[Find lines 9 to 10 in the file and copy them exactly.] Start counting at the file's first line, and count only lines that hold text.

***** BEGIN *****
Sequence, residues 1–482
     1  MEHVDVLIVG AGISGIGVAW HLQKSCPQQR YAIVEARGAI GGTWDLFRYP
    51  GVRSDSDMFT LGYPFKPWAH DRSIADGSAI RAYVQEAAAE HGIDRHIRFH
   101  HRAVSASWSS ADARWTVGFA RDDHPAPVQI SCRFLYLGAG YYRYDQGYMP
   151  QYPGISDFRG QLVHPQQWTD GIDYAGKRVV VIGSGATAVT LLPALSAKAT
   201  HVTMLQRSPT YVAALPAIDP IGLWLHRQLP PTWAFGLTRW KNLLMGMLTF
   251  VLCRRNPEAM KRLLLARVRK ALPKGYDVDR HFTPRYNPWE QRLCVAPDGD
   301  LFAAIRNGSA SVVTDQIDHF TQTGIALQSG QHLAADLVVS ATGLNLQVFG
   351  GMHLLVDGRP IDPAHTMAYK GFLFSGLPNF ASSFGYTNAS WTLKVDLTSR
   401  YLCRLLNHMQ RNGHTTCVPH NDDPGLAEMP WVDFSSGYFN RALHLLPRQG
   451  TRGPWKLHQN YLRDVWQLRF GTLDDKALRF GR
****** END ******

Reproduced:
   351  GMHLLVDGRP IDPAHTMAYK GFLFSGLPNF ASSFGYTNAS WTLKVDLTSR
   401  YLCRLLNHMQ RNGHTTCVPH NDDPGLAEMP WVDFSSGYFN RALHLLPRQG